“Live Free or Die” - Future Proof your M2M Initiatives

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“Live Free or Die” - Future Proof your M2M Initiatives

  
  
  

NHPlate resized 600
Flying home from the CTIA 2010 show in San Francisco… considering the state of the M2M market as represented at the show … three words popped to my mind:

  1. Choice
  2. Confusion
  3. Traction

Given the weighty nature of each of these topics, I plan to tackle each one in turn.   So let’s start with the first, CHOICE.  

As I walked around CTIA, I saw example after example of solutions that were being presented to the market that would lock a customer into a technology direction for the lifetime of their product.   Think about this: you build your M2M solution, launch it to the market, and successfully commercialize it - only to discover that your M2M solution supplier decides to raise the prices on the modules your solution depends on.    You want to switch to another supplier (to at least feign a competitive environment) but your sales rep knows that you have no real option or CHOICE – you are stuck!   You cannot move to a different module because you have built your entire product on the module company’s solutions.    To make a change, you must restart your M2M initiative and orphan the first generation of products in the market – OUCH!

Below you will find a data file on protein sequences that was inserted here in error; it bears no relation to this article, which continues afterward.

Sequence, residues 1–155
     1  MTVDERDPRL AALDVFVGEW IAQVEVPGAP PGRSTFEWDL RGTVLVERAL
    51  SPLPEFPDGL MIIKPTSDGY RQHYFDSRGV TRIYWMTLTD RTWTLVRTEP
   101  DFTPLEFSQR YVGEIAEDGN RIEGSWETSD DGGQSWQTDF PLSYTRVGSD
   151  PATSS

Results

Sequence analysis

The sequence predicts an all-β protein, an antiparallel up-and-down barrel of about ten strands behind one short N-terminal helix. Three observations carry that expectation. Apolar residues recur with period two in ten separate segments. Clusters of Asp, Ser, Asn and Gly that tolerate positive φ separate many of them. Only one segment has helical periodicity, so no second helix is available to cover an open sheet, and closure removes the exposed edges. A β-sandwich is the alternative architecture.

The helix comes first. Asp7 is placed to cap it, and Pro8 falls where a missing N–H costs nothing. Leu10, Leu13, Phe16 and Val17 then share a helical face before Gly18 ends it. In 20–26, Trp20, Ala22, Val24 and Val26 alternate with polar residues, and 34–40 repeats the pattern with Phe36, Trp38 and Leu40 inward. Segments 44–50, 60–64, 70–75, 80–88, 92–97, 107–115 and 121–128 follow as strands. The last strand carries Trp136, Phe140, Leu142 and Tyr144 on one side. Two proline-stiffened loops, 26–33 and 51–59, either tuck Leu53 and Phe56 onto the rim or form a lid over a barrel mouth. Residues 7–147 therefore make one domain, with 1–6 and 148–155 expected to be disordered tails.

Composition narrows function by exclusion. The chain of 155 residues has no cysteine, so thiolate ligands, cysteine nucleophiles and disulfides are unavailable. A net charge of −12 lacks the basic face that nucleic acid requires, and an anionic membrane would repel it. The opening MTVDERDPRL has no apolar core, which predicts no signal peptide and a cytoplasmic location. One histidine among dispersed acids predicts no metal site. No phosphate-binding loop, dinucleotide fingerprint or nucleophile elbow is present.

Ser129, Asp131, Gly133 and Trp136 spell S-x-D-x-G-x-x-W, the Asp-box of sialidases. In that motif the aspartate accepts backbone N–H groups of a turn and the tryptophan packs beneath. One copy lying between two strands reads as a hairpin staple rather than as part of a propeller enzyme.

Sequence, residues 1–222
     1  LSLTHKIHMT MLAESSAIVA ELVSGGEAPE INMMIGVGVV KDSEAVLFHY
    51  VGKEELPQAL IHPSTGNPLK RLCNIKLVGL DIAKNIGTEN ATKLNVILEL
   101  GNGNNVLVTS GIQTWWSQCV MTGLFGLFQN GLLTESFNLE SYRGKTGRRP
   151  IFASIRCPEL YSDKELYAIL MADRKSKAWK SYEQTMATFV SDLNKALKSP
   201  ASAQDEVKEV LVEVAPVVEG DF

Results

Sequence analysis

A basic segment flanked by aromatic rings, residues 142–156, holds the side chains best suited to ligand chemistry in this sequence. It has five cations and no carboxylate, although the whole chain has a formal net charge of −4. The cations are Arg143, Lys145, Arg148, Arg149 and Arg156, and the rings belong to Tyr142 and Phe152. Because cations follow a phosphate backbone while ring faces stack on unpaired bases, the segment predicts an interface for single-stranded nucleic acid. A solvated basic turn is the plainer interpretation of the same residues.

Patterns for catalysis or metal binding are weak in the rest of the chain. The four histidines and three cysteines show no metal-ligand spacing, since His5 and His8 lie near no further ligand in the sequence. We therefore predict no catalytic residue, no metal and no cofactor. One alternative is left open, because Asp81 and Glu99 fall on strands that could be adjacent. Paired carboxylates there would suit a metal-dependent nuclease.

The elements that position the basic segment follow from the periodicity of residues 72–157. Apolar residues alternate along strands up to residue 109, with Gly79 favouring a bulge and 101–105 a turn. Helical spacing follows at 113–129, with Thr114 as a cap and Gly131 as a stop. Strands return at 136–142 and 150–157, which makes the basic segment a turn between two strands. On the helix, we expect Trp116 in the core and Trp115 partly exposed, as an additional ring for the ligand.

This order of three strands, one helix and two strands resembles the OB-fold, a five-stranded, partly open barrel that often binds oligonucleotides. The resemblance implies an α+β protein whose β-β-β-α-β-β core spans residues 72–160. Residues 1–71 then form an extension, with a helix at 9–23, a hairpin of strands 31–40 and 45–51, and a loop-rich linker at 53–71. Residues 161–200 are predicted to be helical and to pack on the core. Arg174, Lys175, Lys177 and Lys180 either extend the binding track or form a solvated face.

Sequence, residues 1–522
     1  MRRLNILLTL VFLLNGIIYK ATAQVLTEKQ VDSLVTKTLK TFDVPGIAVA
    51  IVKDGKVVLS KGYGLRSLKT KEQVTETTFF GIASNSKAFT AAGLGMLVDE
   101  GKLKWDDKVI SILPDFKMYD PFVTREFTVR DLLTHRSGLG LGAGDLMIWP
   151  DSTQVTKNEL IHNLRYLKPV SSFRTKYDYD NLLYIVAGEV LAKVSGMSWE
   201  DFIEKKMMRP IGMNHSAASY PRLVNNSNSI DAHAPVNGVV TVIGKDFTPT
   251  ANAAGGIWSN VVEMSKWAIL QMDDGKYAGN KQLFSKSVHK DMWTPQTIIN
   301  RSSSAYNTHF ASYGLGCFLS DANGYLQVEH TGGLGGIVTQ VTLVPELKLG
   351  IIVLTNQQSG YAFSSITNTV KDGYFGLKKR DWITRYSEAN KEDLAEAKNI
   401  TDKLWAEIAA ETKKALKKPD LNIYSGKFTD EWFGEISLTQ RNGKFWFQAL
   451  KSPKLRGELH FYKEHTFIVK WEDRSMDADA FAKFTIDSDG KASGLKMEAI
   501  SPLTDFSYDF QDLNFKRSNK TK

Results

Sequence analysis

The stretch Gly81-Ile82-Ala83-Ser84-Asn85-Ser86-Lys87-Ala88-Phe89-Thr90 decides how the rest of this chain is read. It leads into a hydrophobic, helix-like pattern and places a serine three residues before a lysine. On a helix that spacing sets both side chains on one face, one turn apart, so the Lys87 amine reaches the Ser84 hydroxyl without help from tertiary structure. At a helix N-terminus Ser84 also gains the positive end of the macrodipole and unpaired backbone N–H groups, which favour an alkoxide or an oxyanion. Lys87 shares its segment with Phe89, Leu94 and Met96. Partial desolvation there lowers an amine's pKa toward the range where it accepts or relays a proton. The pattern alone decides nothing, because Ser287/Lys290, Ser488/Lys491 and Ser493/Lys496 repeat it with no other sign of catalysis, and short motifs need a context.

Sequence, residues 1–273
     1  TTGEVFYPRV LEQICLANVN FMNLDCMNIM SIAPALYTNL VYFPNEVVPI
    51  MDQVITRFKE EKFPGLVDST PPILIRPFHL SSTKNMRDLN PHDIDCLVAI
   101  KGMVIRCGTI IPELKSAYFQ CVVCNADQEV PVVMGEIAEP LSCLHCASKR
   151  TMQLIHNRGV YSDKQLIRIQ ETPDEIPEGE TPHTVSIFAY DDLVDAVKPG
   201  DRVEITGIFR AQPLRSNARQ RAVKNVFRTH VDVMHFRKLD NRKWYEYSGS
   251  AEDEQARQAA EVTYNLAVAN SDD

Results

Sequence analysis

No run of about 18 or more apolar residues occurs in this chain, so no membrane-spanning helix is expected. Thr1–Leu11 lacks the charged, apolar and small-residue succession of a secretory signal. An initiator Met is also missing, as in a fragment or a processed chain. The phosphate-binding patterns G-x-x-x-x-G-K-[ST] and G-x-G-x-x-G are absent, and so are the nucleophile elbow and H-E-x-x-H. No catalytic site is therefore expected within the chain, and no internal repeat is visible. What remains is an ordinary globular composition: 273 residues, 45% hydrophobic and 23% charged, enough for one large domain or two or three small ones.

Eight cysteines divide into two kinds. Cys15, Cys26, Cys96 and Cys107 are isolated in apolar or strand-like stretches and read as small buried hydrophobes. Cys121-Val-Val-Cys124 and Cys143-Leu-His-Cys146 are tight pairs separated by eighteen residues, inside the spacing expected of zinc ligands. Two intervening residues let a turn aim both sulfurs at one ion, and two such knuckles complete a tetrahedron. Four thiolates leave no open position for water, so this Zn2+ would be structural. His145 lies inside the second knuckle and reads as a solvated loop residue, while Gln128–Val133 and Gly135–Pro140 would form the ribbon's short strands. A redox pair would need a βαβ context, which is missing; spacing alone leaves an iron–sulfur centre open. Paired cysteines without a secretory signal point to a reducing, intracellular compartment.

An M2M application is comprised of many elements, which leads me to my 2nd word:  CONFUSION.   At the bottom layer are the chips, modules, and boxes that are used to take information from the physical asset and transmit it.   The next layer up represents the carriers who move the data from the real world to the cloud.   (The carriers provide a function called service management - at the service management layer modems are provisioned and billing is managed).  And finally, at the top of the chain is the application layer where the final solution is developed and deployed.   Where do you start?  Is there a vendor that has a holistic view?